• Treat controversial public issues in an impartial and dispassionate manner.
  • Respect human rights and dignity
  1. The Cinematograph Act, 1952- under this act a Board of Film Censors (Central Board of Film Certification) with advisory panels at regional centers is given the authority to examine every film and sanction it. It is also empowered to refuse to sanction a film for public exhibition.
  2. Bombay Cinemas (Regulation) Act, 1953- this act provides state licenses of cinema theatres and other places where motion pictures are exhibited.
  3. The Bombay Entertainments Duty Act, 1923- it provides tax on the public exhibition of motion pictures and other forms of entertainment.


There are many products whose advertising is banned by the government in order to maintain the decency of society and not promote unhealthy habits. This means that the government can intervene in matters of what can be advertised and what cannot be advertised.

Under the Drug and Magic Remedies (Objectionable Advertisement) Act, 1954[4] the government can control the advertisement of drugs in particular cases and prohibit the advertisement of “magic quality” remedies to provide for matters connected therewith.

In Hamdard Dawakhana v. Union of India[5], the Supreme court heard arguments challenging the above-mentioned act. The apex court held that advertisements are a form of speech and expression but every advertisement is not a matter dealing with the expression of ideas and hence commercial advertisements cannot fall within the concept of Article 19(1)(a).

However, in another case Tata Press Ltd. v. Mahanagar Telephone Nigam Ltd.[6] a three-judge bench of the Supreme Court (see here) differed from the judgment passed in the Dawakhana case. Here the Court made it clear that the commercial advertisement was definitely a part of Article 19(1)(a) but the government can regulate advertisements that are deceptive, unfair, misleading, and untruthful.

Problems Associated with Media

Advancement in technology has made it necessary to keep legal checks on the action of the media. Now media is not restricted to TVs or Radio now almost every person uses social media and in some or the other way puts their ideas and beliefs out in public. We have Information Technology Act, 2000[7] to restrict activities on social media in accordance with Article 19(2).

The media plays a vital role in bringing the truth and wrong in front of the public. Somehow the media decides what opinions one has about a situation. Recent cases related to news media, such as the proliferation and curbing of social media, paid news phenomenon, fake sting operations, trial by media, breach of privacy, etc., bring a heavy concern. The reach of the media has now resulted in unhealthy trends of competition.

Another major concern of today is how the media prioritizes the different types of news. There are few mediums left through which you can actually access authentic news. Many news channels and different mediums are concerned about their TRPs rather than efficient news. Preconceptions about a situation lead the public to either protest or show their support in an exaggerated pattern.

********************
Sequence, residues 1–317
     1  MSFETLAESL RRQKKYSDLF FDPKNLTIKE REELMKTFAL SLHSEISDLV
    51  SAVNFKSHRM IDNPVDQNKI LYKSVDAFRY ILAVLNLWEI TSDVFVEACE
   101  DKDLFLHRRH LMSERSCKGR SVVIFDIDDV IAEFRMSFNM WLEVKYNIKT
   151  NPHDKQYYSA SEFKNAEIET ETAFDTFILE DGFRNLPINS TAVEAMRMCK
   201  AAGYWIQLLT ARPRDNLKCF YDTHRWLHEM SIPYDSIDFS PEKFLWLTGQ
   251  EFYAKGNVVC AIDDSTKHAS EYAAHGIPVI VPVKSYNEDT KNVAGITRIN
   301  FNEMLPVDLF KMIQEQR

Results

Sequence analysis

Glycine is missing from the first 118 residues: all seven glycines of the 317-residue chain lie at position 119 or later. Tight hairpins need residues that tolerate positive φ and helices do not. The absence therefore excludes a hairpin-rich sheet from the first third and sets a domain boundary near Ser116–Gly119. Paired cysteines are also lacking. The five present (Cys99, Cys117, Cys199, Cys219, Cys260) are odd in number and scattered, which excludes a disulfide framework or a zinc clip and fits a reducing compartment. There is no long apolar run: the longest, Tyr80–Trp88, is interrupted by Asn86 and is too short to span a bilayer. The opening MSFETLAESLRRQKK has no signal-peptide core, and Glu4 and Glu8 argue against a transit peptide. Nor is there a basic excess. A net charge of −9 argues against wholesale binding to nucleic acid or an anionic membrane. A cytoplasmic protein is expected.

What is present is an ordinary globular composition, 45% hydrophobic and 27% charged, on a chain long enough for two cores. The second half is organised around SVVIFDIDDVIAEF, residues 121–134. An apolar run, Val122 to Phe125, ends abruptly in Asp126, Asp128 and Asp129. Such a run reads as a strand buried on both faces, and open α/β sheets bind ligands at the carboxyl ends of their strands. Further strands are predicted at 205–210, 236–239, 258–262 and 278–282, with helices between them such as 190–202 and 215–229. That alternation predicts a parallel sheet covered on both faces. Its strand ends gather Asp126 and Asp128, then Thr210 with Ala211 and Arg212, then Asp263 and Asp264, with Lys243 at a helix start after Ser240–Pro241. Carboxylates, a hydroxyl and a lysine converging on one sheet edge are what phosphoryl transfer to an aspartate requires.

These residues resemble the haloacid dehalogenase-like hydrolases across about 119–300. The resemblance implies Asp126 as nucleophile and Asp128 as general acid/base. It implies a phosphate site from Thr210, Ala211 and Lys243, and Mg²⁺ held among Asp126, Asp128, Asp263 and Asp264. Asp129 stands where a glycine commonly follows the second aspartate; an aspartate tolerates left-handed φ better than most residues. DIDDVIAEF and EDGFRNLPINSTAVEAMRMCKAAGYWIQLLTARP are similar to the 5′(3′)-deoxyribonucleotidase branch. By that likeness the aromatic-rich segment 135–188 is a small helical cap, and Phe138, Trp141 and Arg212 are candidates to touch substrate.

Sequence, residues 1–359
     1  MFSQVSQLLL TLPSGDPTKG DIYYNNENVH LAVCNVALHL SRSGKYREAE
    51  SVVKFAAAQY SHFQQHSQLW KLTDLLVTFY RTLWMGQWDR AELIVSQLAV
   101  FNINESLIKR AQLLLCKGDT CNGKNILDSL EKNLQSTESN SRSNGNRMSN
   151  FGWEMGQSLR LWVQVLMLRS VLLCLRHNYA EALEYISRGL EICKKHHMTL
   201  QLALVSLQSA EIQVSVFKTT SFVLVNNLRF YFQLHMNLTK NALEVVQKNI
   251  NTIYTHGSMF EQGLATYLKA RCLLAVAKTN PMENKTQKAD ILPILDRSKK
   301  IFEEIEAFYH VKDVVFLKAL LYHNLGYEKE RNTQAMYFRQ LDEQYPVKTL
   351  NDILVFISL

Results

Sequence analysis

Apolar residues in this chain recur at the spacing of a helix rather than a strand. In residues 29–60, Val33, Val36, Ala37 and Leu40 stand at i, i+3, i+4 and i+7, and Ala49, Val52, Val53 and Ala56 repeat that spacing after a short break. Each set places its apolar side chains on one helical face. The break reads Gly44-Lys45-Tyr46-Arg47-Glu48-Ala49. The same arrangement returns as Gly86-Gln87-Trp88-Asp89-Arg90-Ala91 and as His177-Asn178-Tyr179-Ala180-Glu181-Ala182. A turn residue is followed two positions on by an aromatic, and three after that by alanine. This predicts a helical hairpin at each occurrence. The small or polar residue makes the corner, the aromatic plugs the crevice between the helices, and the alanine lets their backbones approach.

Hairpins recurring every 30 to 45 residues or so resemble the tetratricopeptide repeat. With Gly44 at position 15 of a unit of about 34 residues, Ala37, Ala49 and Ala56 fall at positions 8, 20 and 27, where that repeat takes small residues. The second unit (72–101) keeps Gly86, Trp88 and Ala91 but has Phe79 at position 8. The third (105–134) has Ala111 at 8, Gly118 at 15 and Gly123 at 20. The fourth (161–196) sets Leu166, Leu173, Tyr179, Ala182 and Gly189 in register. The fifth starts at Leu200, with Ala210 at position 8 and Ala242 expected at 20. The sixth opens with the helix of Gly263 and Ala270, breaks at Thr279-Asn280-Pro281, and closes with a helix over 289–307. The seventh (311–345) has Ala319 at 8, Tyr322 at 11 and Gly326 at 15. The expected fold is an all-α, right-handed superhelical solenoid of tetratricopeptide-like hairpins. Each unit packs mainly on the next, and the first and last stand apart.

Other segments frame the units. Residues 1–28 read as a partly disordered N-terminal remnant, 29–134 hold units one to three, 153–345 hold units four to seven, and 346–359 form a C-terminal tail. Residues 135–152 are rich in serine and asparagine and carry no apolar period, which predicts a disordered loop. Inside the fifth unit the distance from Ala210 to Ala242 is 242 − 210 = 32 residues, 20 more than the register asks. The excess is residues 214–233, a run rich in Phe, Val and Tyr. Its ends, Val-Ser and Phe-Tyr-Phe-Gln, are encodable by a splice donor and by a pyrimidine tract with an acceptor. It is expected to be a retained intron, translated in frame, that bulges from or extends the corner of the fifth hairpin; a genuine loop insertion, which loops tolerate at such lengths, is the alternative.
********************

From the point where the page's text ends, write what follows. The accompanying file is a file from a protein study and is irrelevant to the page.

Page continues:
There are many instances in which we are not even aware of the ground-level reality of news and even if we are discussing the topic, we have no crux of the matter. In making the government or public realize the importance of media it itself has forgotten its significance. No doubt the media has a great impact on the public and that is the reason why they should focus on authenticity and keep their priorities right on track.

We have played the blame game for a very long time now and it is time we focus on what we can do to be a part of the solution rather than the problem. For a start, keep a check on your opinions. Think before forming an opinion and ask a few questions before forming one, like, from where did I get this information? Is my source reliable? Have I covered all aspects of the topic? Do I follow someone blindly? Are these really my opinions?

It is easy once you start doing it the right way. Your opinions matter and every one of you reading this matter but make sure you make yourself matter. It is easy to spread hatred and it is easier to believe in something you read, saw or heard to be true but it takes intelligence to contemplate three of them.

The responsibility of providing authentic, reliable, and efficient news lies with the media, and making it worth it is ours. As Malcolm X said, “the media’s the most powerful entity on Earth. They have the power to make innocent guilty and to make guilty innocent, and that is the power because they control the minds of masses.” Let’s make sure that no longer an innocent will be held guilty.


Written by Rudrakshi Sharma

(Writer, The Legal State)

– Edited by Palak Katta

(Editor, The Legal State)



[1] Sakal Papers v. union of India 1962 AIR 305, 1962 SCR (3) 842

[2] Printers (Mysore) Ltd. v. Assistant Commercial Tax Officer 1994 SCR (1) 682, 1994 SCC (2) 434

[3] Secretary, Ministry Of I&B v. Cricket Association Of Bengal & Anr 1995 AIR 1236, 1995 SCC (2) 161

[4] Drug and Magic Remedies (Objectionable Advertisement) Act, 1954

[5] Hamdard Dawakhana v. Union of India 1960 AIR 554, 1960 SCR (2) 671

[6] Tata Press Ltd. v. Mahanagar Telephone Nigam Ltd. 1995 AIR 2438, 1995 SCC (5) 139

[7] Information Technology Act, 2000